I’d be lying if I said it was my plan, but I ended up skirting the top of the low, but very overgrown bluff overlooking Beaver Creek. I was searching for a way down, working my way south towards where I knew there was a hollow and a point where an intermittent creek fed into Beaver Creek. It was becoming what I’d call a ‘technical’ hike, in that I quickly decided the fastest way of moving was to get out my compass and use that to move in a semi-straight line. I couldn’t find an easy route down until I arrived at the hollow near the southern boundary of the wilderness.
Scrambling down the hollow, it was looking very promising, and I could see a great potential camping spot (maybe a little bit too exposed to the eyes of people on the other side of the creek, but hey, a good site is a good site).
Making my way to the end of the hollow I was very disappointed to find that bank erosion had left a steep 5′-8′ drop down to the creek. Bugger. There was no easy access to the water.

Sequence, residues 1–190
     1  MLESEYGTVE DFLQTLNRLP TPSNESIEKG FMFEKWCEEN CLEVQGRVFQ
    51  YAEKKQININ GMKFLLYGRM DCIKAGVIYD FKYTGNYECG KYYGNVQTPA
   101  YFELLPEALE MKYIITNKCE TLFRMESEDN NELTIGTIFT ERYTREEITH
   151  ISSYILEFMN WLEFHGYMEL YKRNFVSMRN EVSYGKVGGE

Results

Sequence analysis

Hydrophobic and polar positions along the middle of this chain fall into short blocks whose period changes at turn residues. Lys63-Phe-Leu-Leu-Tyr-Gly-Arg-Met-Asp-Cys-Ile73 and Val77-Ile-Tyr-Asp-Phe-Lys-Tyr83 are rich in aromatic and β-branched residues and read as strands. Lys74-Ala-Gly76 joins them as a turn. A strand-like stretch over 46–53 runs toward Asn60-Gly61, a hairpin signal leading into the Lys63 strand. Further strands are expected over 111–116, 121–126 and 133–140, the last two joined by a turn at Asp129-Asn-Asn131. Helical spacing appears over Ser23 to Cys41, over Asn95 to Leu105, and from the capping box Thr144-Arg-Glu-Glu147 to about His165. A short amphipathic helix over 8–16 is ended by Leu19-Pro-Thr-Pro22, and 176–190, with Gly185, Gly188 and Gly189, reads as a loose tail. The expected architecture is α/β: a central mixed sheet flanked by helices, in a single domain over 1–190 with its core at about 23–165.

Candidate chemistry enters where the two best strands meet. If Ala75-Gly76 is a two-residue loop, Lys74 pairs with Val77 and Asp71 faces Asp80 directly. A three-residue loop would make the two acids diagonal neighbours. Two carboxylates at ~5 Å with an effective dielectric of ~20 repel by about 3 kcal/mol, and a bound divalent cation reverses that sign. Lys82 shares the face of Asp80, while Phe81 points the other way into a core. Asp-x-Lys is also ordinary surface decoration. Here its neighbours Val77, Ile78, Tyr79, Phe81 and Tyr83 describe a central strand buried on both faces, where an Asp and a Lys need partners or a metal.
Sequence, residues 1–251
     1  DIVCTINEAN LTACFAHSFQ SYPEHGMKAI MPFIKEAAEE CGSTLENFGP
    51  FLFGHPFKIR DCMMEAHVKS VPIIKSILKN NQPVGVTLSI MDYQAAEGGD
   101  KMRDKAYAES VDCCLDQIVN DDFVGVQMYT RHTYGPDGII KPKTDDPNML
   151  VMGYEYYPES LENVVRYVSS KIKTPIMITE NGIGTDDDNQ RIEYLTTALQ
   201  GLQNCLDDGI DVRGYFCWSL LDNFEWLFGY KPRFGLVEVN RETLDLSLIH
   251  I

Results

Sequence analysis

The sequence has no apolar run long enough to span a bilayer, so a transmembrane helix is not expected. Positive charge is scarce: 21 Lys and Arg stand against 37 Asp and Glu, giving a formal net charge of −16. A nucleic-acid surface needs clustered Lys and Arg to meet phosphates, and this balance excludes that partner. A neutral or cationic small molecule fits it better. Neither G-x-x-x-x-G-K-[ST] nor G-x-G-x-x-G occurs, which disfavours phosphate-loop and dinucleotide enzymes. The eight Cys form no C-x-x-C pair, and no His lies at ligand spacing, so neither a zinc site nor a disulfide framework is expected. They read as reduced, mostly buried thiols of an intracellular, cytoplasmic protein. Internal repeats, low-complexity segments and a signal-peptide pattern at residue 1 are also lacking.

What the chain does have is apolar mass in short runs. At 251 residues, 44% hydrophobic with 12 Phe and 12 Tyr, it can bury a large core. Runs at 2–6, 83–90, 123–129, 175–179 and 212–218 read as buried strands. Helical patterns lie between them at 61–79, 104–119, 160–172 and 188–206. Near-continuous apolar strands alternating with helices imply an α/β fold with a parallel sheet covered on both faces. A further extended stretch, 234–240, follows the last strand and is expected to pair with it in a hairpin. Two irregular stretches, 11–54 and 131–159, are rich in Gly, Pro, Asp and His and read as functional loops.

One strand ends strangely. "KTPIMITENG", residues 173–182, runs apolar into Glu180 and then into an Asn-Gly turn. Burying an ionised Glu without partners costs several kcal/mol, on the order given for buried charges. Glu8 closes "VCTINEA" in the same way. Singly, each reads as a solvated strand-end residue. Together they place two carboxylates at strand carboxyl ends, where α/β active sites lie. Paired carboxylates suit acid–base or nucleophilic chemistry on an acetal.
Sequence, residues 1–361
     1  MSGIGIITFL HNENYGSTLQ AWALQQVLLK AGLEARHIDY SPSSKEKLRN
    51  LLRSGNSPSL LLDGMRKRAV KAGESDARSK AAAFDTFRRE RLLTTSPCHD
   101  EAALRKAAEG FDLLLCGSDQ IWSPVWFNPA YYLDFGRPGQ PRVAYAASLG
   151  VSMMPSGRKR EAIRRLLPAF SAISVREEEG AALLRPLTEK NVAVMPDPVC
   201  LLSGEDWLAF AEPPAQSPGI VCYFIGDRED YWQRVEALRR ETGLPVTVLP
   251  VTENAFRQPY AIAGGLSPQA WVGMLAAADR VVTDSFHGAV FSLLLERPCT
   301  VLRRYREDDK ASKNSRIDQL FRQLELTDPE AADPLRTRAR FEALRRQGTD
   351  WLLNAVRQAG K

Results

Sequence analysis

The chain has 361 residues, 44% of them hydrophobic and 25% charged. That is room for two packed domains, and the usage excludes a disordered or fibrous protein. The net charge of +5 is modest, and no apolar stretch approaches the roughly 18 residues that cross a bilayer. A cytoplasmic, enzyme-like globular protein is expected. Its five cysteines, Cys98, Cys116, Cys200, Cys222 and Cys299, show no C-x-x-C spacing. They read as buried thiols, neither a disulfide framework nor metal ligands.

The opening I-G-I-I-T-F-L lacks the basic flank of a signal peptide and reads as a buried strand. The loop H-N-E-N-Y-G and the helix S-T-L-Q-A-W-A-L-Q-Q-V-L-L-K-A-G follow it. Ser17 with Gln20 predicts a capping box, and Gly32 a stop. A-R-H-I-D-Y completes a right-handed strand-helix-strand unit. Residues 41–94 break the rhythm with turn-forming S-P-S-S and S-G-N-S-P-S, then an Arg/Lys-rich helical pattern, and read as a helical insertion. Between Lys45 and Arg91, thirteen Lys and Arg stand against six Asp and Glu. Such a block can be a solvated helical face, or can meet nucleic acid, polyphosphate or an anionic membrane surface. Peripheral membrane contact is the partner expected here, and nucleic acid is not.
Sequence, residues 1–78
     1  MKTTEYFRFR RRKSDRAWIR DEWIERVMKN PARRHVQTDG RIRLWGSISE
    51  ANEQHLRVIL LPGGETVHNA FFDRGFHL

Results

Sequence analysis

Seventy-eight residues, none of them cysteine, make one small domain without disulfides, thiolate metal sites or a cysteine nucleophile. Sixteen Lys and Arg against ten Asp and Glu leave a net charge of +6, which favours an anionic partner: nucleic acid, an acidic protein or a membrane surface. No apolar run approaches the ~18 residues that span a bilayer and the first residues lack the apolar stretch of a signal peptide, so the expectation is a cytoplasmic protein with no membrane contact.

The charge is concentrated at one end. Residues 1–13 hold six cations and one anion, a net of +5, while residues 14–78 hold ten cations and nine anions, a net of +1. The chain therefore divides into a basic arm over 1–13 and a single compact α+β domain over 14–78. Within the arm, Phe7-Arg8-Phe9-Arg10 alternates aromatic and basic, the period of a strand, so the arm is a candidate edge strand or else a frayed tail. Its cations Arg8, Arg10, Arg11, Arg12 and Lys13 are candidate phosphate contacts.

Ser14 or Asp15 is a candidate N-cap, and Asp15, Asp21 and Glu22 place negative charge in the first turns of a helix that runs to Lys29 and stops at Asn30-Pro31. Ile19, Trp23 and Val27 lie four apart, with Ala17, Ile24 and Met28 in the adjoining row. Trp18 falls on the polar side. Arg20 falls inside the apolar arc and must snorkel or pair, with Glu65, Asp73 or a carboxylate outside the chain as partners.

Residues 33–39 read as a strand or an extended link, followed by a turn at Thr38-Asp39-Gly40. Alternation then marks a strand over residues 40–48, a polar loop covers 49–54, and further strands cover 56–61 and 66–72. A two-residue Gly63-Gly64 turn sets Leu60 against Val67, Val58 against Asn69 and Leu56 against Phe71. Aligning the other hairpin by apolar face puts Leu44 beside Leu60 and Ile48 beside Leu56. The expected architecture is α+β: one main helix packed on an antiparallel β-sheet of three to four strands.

I sat down and had a late lunch (It was gone two by now), and thought about what to do next. I could easily use my food bag and line to dip water from the creek. But, for whatever reason, I just didn’t fancy that. I decided that I’d bushwhack my way back out to the trail. My plan was to start by going up the hollow to its end and then use my compass to get back to near where I left the trail in the first place. Then I’d head back, and see how the time went and either bushwhack down to Beaver Creek to the north of the bluffs–a squint along the bank to the north suggested that it was more likely I’d be within easy reach of the water there–or, I’d head back to ‘Twin Falls Creek’ and camp there again for the night. The latter plan appealed to me as I’d get in another 3-4 miles of hiking, bringing my days total up to a reasonable 7-8 miles.
Copyright © 2020 Gary Allman, all rights reserved.